It is oft said that the only two certainties in life are death and taxes. It was by no means a certainty that your correspondent would ever cross the path again of one, Paul Muir, emeritus doyen of purchase cards and erstwhile colleague of mine at a leading greater Manchester local authority. On platform two at Todmorden rail station, however, there he stood, looking as pleased as Punch following his recent retirement from the aforementioned organisation. I hesitate to describe his attendance as his inaugural appearance as I seem to recollect his presence as a guest some years ago when we visited Littleborough.
The two of us exchanged a volley of pleasantries between each other before being joined by John Guest. We hadn’t stood for very long before the next train arrived and following some delay in the opening of the carriage doors, the three of us boarded. It was mercifully a shorter period of time before it dawned upon us that we had boarded the wrong train: it was destined for Bingley rather than Bradford. Disembarking smartly at the next station, Hebden Bridge, we stood and waited for the next train from Manchester carrying our compatriots who had boarded at Manchester.
Arriving several minutes later than scheduled, we duly boarded the Bradford service and greeted our seated Manchester colleagues.
In due course, we arrived at Bradford Interchange station where we were met by the organiser, Alan and a longstanding childhood friend of John Nelson: Dave Burrows. Dave, another retiree who has recently retired from Her Majesty’s Inspectorate of Taxes had hitherto, organised a pub visit to Keighley in West Yorkshire and had also made a very brief and fleeting guest appearance at our previous visit to Bradford during 2014. In view of this, today could be properly described as his inaugural visit. Following Dave’s introduction, Alan quickly shepherded us to the bus stop where we had to make a short bus journey across the city to Crossflats – a suburb of Bradford. We caused a few raised eyebrows as we quickly subsumed every available empty seat much to the consternation of the extant itinerant passengers.
After alighting from the bus, we headed towards the Leeds and Liverpool canal and walked along it for some distance until we arrived at the outskirts of Bingley. We seized upon the opportunity of a brief break at the Brown Cow public house where we stopped for some brief liquid refreshment. The predominant available brews were Timothy Taylor’s Boltmaker, Golden Best, Ram Tam, Landlord and Dark Mild. Stowford Press was the cider on offer.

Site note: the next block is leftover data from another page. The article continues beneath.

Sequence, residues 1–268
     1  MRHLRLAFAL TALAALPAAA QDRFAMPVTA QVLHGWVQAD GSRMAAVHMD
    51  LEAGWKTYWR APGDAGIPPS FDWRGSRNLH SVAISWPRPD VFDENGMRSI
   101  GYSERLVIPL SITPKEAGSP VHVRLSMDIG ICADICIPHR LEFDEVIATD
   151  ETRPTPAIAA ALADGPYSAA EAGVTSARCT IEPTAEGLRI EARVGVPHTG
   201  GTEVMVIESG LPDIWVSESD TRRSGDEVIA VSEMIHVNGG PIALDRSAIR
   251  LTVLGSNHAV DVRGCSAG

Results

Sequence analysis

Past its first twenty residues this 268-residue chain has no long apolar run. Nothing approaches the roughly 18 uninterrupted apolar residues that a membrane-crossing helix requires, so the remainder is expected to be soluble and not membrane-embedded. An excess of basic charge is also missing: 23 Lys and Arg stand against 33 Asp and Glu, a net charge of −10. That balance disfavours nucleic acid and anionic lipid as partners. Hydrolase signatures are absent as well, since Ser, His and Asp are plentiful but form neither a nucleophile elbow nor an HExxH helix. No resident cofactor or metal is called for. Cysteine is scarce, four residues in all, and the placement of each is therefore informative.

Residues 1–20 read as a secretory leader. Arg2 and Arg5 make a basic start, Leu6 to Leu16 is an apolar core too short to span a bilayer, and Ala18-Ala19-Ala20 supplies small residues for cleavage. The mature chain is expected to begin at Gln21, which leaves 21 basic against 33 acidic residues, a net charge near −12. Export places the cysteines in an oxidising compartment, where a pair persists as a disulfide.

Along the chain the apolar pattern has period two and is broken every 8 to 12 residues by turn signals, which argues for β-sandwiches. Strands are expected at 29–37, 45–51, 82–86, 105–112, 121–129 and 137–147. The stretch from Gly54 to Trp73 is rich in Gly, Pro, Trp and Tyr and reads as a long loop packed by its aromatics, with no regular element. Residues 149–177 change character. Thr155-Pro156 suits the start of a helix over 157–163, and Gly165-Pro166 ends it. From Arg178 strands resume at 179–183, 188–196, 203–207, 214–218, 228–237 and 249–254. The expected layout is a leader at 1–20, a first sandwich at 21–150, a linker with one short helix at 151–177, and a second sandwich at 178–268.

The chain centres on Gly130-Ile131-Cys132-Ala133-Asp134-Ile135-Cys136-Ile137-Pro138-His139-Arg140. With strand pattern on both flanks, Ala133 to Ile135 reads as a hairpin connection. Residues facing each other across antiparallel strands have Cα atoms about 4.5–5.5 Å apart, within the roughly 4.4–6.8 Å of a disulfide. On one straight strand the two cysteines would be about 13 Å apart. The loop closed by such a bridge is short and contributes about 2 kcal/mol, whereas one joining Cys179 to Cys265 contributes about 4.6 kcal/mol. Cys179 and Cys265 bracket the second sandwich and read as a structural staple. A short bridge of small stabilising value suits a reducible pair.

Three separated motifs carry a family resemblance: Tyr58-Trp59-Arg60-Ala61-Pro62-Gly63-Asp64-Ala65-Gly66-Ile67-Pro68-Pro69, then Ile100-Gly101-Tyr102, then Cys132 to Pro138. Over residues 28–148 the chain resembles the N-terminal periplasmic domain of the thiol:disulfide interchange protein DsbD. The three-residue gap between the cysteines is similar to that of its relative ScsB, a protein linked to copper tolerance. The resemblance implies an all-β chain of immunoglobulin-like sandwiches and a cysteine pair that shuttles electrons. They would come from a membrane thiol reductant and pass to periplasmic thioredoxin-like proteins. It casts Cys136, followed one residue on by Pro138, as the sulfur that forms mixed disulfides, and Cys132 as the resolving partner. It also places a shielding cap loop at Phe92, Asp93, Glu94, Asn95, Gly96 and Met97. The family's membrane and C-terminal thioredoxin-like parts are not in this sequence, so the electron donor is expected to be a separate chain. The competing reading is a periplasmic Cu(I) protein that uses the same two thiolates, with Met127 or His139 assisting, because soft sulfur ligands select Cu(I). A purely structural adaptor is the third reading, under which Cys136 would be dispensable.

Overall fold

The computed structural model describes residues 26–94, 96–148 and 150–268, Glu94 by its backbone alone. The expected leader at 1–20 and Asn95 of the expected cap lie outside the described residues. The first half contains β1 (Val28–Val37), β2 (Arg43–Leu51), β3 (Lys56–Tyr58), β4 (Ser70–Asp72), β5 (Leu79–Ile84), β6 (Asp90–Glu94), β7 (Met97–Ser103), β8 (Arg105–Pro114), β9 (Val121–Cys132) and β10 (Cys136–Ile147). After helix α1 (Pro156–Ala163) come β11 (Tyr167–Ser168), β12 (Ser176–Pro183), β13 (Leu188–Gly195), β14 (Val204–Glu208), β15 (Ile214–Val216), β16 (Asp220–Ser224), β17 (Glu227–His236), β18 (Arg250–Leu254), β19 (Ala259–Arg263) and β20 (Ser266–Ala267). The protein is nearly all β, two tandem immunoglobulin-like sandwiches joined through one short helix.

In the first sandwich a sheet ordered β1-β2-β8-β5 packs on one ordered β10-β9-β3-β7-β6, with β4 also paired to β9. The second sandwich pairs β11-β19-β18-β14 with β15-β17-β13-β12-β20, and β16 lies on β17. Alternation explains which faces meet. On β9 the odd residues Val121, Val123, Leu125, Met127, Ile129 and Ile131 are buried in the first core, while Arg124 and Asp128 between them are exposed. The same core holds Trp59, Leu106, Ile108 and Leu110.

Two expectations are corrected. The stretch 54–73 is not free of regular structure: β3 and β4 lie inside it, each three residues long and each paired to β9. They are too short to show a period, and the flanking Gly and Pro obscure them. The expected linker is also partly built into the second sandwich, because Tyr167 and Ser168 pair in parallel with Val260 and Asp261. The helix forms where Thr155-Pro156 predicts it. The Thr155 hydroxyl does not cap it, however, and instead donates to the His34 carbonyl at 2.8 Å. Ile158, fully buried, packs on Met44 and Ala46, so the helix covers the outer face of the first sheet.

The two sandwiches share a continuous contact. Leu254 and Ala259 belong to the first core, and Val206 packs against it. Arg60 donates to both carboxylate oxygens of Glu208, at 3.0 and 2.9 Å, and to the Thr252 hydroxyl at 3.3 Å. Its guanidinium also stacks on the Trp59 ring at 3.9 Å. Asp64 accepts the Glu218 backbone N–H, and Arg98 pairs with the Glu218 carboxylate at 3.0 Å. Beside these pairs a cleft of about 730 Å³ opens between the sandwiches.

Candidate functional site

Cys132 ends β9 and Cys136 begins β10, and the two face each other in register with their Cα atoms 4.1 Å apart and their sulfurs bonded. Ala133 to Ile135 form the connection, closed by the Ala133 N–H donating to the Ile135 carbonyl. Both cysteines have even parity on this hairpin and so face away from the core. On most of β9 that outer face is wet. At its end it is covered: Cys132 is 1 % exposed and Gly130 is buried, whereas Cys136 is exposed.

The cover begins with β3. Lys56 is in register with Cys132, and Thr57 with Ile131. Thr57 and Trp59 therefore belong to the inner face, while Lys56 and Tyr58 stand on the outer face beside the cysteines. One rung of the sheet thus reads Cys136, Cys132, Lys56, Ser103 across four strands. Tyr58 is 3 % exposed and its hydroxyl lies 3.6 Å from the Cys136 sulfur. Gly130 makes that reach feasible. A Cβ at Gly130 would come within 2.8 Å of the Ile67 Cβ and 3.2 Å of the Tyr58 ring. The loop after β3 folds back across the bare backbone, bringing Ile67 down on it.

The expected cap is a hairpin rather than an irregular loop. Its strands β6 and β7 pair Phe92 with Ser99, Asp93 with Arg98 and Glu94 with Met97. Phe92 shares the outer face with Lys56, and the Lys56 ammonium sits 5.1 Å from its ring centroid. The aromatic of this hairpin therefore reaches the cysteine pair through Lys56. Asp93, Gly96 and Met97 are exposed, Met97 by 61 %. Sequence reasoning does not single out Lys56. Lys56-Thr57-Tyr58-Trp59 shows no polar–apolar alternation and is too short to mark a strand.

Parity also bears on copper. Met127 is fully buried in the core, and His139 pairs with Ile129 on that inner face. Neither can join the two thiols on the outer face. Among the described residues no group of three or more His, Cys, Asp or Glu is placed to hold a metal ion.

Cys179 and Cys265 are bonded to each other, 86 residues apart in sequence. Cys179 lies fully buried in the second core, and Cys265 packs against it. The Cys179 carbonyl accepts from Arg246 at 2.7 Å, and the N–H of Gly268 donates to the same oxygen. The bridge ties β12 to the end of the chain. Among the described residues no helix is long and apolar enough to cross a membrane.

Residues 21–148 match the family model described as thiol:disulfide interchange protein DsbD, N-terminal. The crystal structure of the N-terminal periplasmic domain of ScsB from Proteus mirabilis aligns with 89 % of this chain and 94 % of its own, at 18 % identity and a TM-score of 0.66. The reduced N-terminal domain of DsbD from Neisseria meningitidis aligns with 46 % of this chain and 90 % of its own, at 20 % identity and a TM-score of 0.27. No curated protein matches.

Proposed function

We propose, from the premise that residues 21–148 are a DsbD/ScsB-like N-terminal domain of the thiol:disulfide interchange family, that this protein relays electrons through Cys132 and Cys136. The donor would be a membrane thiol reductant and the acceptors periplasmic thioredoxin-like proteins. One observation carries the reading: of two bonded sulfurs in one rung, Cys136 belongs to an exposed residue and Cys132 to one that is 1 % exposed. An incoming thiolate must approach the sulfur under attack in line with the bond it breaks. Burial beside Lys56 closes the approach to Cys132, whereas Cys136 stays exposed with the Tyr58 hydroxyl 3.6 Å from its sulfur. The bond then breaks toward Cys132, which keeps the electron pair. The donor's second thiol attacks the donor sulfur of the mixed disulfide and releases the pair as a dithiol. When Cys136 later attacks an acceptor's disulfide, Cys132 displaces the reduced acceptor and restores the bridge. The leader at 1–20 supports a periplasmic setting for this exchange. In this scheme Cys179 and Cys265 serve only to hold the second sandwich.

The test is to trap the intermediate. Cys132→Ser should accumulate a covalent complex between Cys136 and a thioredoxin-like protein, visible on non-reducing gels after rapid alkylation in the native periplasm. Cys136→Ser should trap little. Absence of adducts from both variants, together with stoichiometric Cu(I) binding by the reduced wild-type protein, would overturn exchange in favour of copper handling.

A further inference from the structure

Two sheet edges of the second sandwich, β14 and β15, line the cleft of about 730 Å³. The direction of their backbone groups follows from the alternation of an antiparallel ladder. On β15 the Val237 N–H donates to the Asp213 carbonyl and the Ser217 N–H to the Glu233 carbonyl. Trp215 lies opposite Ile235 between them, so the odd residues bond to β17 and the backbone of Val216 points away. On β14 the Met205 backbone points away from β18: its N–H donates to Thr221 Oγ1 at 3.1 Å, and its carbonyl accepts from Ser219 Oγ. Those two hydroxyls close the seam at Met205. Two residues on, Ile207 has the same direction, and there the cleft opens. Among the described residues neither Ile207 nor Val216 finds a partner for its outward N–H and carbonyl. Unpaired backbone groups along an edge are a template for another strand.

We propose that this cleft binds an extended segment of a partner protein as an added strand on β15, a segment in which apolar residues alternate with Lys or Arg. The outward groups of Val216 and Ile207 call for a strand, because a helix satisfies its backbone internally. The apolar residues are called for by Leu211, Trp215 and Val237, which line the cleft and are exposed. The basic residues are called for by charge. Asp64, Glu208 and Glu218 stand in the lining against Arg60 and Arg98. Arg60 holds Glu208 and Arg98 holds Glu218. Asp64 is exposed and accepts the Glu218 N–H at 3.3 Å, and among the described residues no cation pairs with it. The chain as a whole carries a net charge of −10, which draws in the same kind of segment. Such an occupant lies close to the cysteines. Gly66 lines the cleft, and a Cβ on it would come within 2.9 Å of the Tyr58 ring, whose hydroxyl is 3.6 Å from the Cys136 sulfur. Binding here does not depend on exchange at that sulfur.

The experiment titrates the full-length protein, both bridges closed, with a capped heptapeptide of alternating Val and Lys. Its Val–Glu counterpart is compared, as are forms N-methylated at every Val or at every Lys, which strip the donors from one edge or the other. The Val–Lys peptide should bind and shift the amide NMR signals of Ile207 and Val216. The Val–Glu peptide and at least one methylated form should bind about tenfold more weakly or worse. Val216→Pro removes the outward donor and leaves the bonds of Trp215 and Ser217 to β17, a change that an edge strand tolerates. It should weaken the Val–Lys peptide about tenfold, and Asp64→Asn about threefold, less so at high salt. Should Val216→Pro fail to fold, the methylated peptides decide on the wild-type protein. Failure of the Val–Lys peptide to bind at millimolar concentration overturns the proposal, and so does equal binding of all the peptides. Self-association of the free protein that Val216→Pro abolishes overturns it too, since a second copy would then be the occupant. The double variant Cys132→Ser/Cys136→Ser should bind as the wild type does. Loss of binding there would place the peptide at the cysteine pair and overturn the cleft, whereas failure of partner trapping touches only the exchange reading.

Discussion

We left the Brown Cow and plotted a route towards the River Aire. Our target now was to reach the Devil’s Alter. Following a reasonably testing incline up the hillside we reached the hill’s plateau and progressed along it with the Alter soon to appear in our sight. Several members’ facial colour, pallor and heart rates had visibly and audibly changed soon after their successful overcoming of the incline.
Alan and your correspondent were the first to arrive at the Alter. Alan, confronted by several rocky outcrops any one of which could be persuasively described as having the appearance of an ‘Alter’ shape, was briefly racked by indecision as to which of these he should be describing as the genuine article. A quick random decision provided a solution to this most vexing of geological condundrums. He turned to me and in a somewhat hushed voice whispered: “Christ! They all look the bldy same! That one over there looks like a pretty convincing outcrop!” The remainder of the group began to arrive whereupon Alan with the assured flourish of a confidently outstretched hand and forefinger authoritatively proclaimed with aplomb: “Here gentlemen lies the Devil’s Alter!” Somewhat surprisingly, there were no dissentients coming forward questioning the validity of Alan’s judgement. Perhaps any such individuals were simply overwhelmed by the panoramic views afforded by our lofty position of high altitude.
In due course we began our gradual descent and imminent arrival at the St Ive’s estate. We navigated our way through some impressive deciduous woodland and a plethora of rhododendron bushes. Along the way we stumbled across an engraved sandstone rock informing its readers of a Dowager* Lady Blantyre by way of a brief inscription (http://www.friendsofstives.org.uk/history/ferrands_4.php). Confusion quickly spread around the group as to the definition of the word “dowager” (see below).
Having sated our appetites for local history, we wound our way down to the Coppice Pool, which, historically, was the source of the Estate’s water supply. It also provided an abundance of wildlife and freshwater fish, which were comprehensively catalogued by a wooden signl. Following a brief rest, we walked from the pool towards a narrow bridge to cross over the Aire as we made our return to Bingley.
We set a course for our second port of call: Off The Tap. Here we enjoyed an eclectic variety of bitters and ciders such as: XT15 IPA, Darkside Of The Moose, Acorn Belma IPA, Coniston XB, Perfect 10 and ciders: Wyldwood, Sandford Orchard and Black Dragon.